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  • After John McCain Told A Few Jokes, Politico Declared The Return Of The “Straight Talk Express”

    Blog ››› ››› MATT GERTZ

    John McCain

    Politico’s report on Sen. John McCain’s (R-AZ) re-election fight could not have been more flattering to the candidate if his press staff had authored it.

    Based on attending a single day of events with McCain, Politico published an August 23 story headlined “The return of ‘Straight Talk’ McCain” that claimed that, at least for that day, he was again “the loose, accessible, happy warrior of Straight Talk Express yesteryear” and was “at ease on the trail” while “running what might be his last campaign in vintage plainspoken style.”

    The fawning article relayed anecdotes from reporter Burgess Everett’s travel to a series of McCain campaign events that day. Readers learn that McCain told several jokes over the course of the day, that he was “relaxed enough to kid around about ethnic jokes” during one event and told a light joke at Everett’s expense at another. Everett also reported that McCain criticized Congress and President Obama, and that when asked about Republican presidential nominee Donald Trump, the “straight-talker” first dodged the question before eventually saying,“I believe we should do everything we can as Republicans to steer Mr. Trump in the right direction.”

    Somehow the article never mentioned that McCain has endorsed Trump. And despite the paeans to the “plainspoken” McCain, it never found space to bring up how the senator hemmed and hawed his way through a stammering nonanswer after being asked earlier this month if he is comfortable with his choice for president of the United States controlling the nuclear arsenal:

    The Straight Talk Express is back! Congrats to the senator’s campaign press operation.

    Thanks to an intensive, decades-long effort to cultivate the press, McCain has received an unearned reputation from reporters as a maverick and a straight-talker, as detailed in Media Matters’ 2008 book, Free Ride: John McCain and the Media. Yet after his words and actions make clear that he is a Republican like any other, the press regularly finds ways to declare that the “old” McCain is “back.”

     
  • In The Name Of Optics, Beltway Press Renews Its War On The Clinton Foundation

    Blog ››› ››› ERIC BOEHLERT

    This Sunday’s New York Times front page delivered a curious pair of campaign bookends when the newspaper presented what it framed as problematic reports for both Donald Trump and Hillary Clinton.

    In the Trump dispatch, the Times detailed how the businesses run by the self-described billionaire are mired in at least $650 million of debt, and stressed “how much of Mr. Trump’s business remains shrouded in mystery.” For a candidate running on his supposed commerce wizardry, the report was highly damaging.

    As for that day’s Clinton campaign woes? According to the Times’ front page, the troubles come in the form of the Clinton family’s global charity: “Foundation Ties Bedevil Hillary Clinton’s Presidential Campaign.”

    The newspaper was never able to explain how the issue was bedeviling or sidelining her campaign, considering her White House run boasts some of the largest summertime presidential leads in decades, but the Times was sure that “the funding of the sprawling philanthropy has become an Achilles’ heel for her campaign.”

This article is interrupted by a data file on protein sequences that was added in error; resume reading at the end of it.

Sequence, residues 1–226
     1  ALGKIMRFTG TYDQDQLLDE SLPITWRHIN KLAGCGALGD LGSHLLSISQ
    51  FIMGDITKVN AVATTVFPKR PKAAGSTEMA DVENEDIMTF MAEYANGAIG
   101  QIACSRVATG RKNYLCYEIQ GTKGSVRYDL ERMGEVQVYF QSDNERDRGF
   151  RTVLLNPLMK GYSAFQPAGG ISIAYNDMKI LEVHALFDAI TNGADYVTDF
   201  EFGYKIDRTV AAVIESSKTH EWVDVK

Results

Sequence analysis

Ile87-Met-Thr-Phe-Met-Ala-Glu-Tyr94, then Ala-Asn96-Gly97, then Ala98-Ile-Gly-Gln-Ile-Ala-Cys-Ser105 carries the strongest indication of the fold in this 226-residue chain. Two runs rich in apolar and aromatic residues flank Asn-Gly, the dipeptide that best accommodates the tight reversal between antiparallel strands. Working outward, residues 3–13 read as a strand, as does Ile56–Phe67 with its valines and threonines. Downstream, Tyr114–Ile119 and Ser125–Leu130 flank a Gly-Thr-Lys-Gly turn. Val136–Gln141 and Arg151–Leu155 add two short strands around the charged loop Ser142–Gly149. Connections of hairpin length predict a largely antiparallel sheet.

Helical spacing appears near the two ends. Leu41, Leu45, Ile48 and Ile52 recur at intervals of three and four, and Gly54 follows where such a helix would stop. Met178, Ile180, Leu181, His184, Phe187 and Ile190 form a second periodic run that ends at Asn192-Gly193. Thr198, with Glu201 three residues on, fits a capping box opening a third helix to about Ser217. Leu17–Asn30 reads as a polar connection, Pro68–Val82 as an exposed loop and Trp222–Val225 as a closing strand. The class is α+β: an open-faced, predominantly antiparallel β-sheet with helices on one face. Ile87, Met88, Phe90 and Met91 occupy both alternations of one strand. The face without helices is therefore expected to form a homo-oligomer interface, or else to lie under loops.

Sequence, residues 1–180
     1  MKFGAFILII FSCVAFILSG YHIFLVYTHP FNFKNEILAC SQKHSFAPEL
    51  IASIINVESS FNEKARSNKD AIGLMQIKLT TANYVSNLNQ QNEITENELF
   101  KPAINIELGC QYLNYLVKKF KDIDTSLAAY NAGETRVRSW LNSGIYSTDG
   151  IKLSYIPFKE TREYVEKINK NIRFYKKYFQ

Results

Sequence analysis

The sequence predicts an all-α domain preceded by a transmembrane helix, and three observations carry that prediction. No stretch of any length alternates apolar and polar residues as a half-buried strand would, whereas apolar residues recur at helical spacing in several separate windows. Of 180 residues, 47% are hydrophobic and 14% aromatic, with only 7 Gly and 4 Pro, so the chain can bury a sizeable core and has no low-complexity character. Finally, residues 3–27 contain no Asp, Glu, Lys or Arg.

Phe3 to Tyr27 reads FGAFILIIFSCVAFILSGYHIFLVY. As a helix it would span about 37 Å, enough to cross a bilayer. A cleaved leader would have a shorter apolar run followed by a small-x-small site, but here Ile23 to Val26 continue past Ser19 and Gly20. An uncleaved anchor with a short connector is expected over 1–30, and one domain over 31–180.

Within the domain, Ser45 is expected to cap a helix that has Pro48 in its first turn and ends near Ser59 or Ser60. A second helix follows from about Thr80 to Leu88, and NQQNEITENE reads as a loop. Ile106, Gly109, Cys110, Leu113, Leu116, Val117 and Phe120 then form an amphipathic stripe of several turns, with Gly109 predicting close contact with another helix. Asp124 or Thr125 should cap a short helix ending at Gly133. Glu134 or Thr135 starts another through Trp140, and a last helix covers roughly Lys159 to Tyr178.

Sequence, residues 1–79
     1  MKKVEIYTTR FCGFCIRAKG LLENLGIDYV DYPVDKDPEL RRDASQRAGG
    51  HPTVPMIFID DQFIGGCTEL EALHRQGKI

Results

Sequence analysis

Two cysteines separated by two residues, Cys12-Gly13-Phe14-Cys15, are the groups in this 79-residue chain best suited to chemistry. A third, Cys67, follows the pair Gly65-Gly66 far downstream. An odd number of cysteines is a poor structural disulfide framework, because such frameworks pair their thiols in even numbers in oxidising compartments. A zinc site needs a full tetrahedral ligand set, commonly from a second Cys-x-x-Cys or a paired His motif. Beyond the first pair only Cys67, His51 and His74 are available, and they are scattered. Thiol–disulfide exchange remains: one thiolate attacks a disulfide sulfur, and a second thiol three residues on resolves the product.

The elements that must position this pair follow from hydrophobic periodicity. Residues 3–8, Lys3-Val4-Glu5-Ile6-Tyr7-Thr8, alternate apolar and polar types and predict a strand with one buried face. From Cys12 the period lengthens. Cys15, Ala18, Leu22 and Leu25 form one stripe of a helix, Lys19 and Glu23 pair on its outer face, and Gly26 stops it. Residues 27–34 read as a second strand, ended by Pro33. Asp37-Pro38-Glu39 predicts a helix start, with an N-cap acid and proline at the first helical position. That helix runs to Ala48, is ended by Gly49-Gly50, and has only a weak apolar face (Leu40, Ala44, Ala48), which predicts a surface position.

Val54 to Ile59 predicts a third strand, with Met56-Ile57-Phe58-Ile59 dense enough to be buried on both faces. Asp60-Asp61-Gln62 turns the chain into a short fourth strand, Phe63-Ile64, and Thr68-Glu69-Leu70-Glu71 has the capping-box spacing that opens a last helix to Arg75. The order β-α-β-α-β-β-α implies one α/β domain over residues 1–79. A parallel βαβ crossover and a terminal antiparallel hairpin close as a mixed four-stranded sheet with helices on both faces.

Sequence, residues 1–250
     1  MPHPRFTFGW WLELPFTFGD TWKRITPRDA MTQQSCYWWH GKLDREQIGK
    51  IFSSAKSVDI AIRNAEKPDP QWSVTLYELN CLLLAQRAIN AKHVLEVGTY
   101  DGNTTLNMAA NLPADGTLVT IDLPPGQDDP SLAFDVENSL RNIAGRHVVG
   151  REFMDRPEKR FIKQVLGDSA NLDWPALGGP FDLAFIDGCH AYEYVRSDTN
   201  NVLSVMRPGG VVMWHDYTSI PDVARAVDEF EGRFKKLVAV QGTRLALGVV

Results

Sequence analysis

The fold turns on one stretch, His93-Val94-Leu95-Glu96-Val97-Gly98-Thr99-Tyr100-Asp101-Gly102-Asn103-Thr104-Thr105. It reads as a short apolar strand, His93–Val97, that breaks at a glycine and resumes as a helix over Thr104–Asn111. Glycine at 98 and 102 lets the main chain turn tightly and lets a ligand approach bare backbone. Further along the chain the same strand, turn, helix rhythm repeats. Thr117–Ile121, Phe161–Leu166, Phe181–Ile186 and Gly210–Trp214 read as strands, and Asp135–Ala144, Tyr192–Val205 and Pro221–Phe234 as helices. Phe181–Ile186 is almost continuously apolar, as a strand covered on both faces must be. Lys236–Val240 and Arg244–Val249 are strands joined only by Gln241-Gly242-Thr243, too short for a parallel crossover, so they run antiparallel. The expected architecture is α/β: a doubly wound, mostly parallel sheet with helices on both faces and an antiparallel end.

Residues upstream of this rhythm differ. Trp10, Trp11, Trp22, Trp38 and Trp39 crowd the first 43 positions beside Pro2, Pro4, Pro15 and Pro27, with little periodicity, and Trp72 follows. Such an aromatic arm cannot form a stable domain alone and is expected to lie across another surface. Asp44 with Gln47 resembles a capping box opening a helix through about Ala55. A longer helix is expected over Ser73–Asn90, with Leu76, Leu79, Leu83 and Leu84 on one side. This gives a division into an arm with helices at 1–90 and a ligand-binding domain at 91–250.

Republicans have echoed the spin in recent days, and dialed it up to 11. Trump called for a special prosecutor to investigate the foundation’s supposed criminal ways, and Trump surrogate Rudy Giuliani suggested the charity be indicted as a “racketeering enterprise.” 

    Is it possible a charity could emerge as bad news, or represent bad optics, for a presidential candidate? Certainly. For instance, if a politician is connected to a foundation that’s been caught ripping people off, siphoning off contributions, or misleading donors about the work being done. But none of that applies to the uniquely transparent Clinton Foundation. (See here for helpful context that’s usually overlooked in Beltway press coverage.)

    The charity represents a thriving philanthropic operation that assists people around the world, while brandishing esteemed charitable credentials. It’s a charity that’s helped more than nine million people get lower-cost HIV/AIDS medicine, and a foundation that also tries to improve global health and fights against economic inequalitychildhood obesity, and climate change.

    And it’s a charity that boasts an “A” rating (the frequent conservative refrain that the foundation spends 85 percent of its budget on "overhead" represents a lazy smear).

    That’s what the Times dubs Clinton’s “Achilles' heel”? It’s almost like someone posed a collective challenge to the press: Try to turn landmark charitable giving into a bad-news story for the Clintons. (Boy, have they tried.)

    How did we get to this absurd place -- to this absurd disconnect -- where the press depicts a wildly successful and transparent charity as some sort of ominous web of political deceit supposedly drenched in shadowy payments? And why do optics trump humanitarianism when it comes to the Clinton endeavors? 

    This truly does feel like a damned-if-you-do, damned-if-you-don’t situation. Keep in mind, when the Clintons left the White House in January 2001, they could have chosen virtually any path they wanted. But they didn’t start a hedge fund, they don’t speculate on real estate, and they’re not charging $800 an hour as D.C. lawyers or lobbyists. They founded a charity. (And yes, they give speeches.)